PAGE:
The Umeshoryu Is The Gutsiest Move In Fighting Games

Daigo Umehara has built a legacy on fearless calls, and he added one more to his story at Stunfest in Rennes, France last weekend. Down on life and with his back against the wall, the fighting game legend shot off a clutch Flash Kick to catch his opponent off guard and steal a victory with one choice.


The fighting game community refers to this risky maneuver as the “Umeshoryu,” a portmanteau of Daigo’s surname and Street Fighter’s ubiquitous Shoryuken. He has a reputation for landing these psychic uppercuts—seemingly random attacks that carry a harsh tax if they miss entirely or get blocked—over decades of competition. And, as he showed at Stunfest, Daigo isn’t ready to give up on this technique, even when using characters that don’t technically have Shoryukens in their toolset.

Since dropping Ryu, Daigo has returned to the upper echelons of Street Fighter V competition with Guile. In addition to his Sonic Boom barrage, the original world warrior’s iconic Flash Kick does wonders at keeping opponents out of his personal space, and it was this attack that Daigo called on to save a round against South Korean powerhouse Geon “NL” Sim.

After throwing his opponent into the corner, it appeared as if Daigo had the round all but sealed up when NL used a wakeup super to catch Daigo unaware. This play essentially switched their positions, putting Daigo on his back foot. With both players’ health bars dwindling, the round was about to be decided.

As NL rushed in to finish him off, Daigo performed a quick rise to limit the amount of time he stayed on his back after the super and, to the distressed cries of the commentators, threw out an EX Flash Kick. He bet the entire round on this one move; if it hit, he would pull ahead in this losers bracket match, but if it missed or was blocked, the lengthy recovery meant NL would have all the time in the world to punish.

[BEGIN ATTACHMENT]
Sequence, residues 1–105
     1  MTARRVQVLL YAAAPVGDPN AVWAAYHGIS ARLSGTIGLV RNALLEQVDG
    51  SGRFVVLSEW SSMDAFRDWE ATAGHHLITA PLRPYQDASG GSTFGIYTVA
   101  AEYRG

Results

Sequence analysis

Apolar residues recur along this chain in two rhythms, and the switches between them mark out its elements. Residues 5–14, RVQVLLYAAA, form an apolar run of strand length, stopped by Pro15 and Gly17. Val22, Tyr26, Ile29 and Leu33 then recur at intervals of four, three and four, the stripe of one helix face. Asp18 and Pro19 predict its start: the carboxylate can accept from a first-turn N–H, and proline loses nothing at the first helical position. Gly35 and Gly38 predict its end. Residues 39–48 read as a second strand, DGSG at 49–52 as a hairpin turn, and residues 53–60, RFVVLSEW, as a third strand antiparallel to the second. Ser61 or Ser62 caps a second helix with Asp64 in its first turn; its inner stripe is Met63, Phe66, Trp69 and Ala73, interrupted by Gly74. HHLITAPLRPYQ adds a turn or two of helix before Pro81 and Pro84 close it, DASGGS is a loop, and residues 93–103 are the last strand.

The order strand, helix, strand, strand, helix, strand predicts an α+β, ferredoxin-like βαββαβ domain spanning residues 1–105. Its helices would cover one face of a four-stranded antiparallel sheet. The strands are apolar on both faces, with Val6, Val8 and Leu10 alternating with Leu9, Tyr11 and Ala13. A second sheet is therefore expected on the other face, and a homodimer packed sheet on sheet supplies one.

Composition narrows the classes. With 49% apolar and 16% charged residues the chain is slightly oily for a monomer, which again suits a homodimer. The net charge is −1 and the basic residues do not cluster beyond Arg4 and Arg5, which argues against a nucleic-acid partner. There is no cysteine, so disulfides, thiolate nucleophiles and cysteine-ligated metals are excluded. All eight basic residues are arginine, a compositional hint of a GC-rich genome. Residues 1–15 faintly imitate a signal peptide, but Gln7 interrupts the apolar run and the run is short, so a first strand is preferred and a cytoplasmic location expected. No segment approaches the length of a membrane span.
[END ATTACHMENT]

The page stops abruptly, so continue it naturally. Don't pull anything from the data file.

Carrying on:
But, as is often the case with Daigo, the attack landed and the round was his. He eventually went on to defeat NL by a final score of 3-2.


The legend of the Umeshoryu is an important one. While it’s true that Daigo is a fighting game master, capable of pulling off incredible feats of execution and technical prowess, his most significant claim to fame is his capacity to quickly understand a situation and act on it. Sure, going to training mode and nailing down lengthy combos is important when it comes to competing at an elevated level, but sometimes all you need is the ability to read the opponent and the courage to bet it all on one move.

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Ian Walker loves fighting games and writing about them. You can find him on Twitter at @iantothemax.

Staff Writer, Kotaku


Your last paragraph encapsulates so much of why I love playing and watching fighting games.